Our timeline and our answers to questions are published alongside this statement. The timeline focuses in detail on the period from 2012 through to John Smyth’s death in August 2018. It includes a number of things that we wish we had done differently. The timeline shows that police and safeguarding authorities were involved from 2013 onwards. But we wish, for instance, that more questions had been asked within the Trust before summer 2014. For example, when, in December 2013, the then Chair of the Trust made a reference to something he ‘was dealing with’, all trustees should have insisted on knowing the nature and seriousness of the matter. We are sorry about this too.
Looking back, we wish that information about what John Smyth had done had been shared with other trustees before it was. While we recognise that such matters were often handled very differently 40 years ago, we certainly believe that Smyth’s abuse should have been reported to the authorities when it was first discovered in 1982. But once the wider body of trustees became aware of what John Smyth had done in June 2014, they acted swiftly in seeking and following the best legal advice available, including ensuring that information was reported to the relevant authorities.
We are ultimately accountable to the Lord, as well as to others, for the way that we have responded to these matters. We are grateful for the contact we have had, and continue to have, with a number of the victims and survivors of John Smyth’s abuse. We recognise that they have very different wishes and needs. We have sought to provide appropriate assistance including contributing, from March 2017, to a joint fund (with the Church of England and Scripture Union) to pay for counselling. We hope and pray that this has been of some help, but we recognise more fully now that the consequences of John Smyth’s actions have a long and ongoing impact for the victims and survivors and we will therefore be approaching those who we can reach to see whether there is any further help that we may be able to provide. We welcome any of them to be in touch with us and we are sorry that we did not do more, sooner.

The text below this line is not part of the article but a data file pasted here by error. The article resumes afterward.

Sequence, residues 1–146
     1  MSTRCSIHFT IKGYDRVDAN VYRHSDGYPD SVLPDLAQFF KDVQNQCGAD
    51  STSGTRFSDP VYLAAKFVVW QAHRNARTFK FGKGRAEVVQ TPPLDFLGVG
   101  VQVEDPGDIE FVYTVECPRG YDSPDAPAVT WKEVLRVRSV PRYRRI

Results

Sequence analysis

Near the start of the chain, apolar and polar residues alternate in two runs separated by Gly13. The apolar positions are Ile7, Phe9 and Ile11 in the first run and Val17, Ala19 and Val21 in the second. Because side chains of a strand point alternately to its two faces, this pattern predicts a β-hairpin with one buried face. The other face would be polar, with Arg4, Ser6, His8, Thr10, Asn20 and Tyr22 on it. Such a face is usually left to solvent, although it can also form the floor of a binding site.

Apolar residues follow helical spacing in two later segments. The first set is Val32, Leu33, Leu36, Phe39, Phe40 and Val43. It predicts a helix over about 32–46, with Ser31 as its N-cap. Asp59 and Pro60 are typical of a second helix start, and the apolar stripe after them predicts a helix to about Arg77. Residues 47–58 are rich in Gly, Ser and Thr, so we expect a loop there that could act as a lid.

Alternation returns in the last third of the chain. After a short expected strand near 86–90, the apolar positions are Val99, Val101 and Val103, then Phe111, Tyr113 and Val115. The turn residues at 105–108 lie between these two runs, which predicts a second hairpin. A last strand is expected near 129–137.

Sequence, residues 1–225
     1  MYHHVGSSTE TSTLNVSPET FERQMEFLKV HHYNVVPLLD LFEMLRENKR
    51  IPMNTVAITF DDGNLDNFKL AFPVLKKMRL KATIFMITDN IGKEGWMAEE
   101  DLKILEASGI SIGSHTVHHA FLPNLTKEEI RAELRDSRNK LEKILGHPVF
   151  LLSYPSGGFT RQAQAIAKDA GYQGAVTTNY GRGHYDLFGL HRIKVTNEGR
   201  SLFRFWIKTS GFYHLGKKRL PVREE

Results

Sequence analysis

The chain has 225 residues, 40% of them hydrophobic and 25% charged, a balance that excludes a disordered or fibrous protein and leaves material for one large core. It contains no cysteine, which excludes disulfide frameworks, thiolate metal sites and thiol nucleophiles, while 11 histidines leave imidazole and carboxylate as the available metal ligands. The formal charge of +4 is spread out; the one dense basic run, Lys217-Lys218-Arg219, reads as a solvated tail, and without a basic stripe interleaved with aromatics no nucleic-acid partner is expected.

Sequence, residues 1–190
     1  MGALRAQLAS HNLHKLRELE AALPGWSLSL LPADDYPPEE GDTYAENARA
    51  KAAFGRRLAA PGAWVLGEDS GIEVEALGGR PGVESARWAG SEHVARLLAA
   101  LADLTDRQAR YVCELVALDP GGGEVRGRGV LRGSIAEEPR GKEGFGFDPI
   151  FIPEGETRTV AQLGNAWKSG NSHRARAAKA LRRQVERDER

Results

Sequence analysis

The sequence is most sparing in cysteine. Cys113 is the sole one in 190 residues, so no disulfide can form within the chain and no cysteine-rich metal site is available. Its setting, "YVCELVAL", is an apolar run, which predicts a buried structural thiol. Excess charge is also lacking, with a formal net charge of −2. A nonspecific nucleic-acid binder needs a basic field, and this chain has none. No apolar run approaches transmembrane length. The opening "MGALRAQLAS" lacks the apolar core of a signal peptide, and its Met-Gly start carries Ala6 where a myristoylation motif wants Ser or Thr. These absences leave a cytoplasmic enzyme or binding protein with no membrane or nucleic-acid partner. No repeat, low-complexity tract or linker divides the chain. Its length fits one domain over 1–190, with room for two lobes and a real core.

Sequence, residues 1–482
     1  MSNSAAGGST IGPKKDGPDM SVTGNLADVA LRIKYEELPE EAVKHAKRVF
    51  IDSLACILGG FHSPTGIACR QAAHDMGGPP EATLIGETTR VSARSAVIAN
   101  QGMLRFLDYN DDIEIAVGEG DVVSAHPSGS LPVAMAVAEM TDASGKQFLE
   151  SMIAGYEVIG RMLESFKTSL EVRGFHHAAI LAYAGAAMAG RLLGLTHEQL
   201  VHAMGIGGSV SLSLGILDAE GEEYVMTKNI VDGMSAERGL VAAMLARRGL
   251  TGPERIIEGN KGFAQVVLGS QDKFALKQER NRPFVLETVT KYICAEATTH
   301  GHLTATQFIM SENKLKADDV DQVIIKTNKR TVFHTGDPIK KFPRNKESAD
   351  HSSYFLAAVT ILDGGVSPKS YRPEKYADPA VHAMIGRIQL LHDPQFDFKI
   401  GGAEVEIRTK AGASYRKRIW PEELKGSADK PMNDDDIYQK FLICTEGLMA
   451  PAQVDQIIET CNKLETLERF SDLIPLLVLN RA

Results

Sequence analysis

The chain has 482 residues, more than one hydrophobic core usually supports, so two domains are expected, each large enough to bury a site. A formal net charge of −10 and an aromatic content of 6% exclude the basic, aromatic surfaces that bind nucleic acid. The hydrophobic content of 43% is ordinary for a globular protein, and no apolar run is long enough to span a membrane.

“The Titus Trust timeline tells us far more than we previously knew. And it reveals a catalogue of delays and partial disclosures. Titus are keen to refute the allegations of a cover up, but any layman would describe this whole timeline as part of a cover up. Trustees and four Titus employees were told about the abuse in December 2012, but it was not reported to the whole Board until June 2014. And the police were not approached until September 2014. It is now revealed also, that the main historic record of the abuse, The Ruston Report, was not given to the police until July 2017, and the main Titus record of the abuse, the “Stileman Report” of 2014, was not handed to the police until August 2017″
“The Titus timeline covers only 2012-2017 and ignores the 30 year period when senior Iwerne camp leaders, and two Trustees of Titus Trust until 2015, had known about the abuse throughout the period. The apology does not mention the scores of African children, younger than the UK victims, who were abused. There is no apology for the failures in 1982 to stop John Smyth QC from ever working with children again”.
“Titus response hides behind their long-claimed legal distinction between Iwerne Trust and Titus Trust, when the latter took over the assets, the responsibilities, the camps and even the Trustees of Iwerne Trust. The trust hides behind legal advice to claim no responsibility, and their response from 2012-17 is devoid of Christian care and compassion.”
“Titus Trust chose to ignore the advice of their media adviser to go public in 2015. Had they done so, victims would have received support earlier, and John Smyth QC might have been brought to justice. Instead, reputation management, and concern about “The Work”, were the overriding responses”
“Titus state, with no irony, “We believe that it is vital for the full truth to be made known”. We have waited four years for an account of what they did or did not do. And it is now clear they did the absolute minimum that was required. The account to the police made no mention of the advice in Jul 2014 from their lawyers that the abuse “was likely to have been criminal”, an opinion first given in the suppressed 1982 Ruston Report”
“If Titus wish for the full truth to be made known, we ask for the legal and media advice they received in 2014/15 and the Serious Incident Report to the Charity Commission to be made public. We can then judge whether they have been truthful”.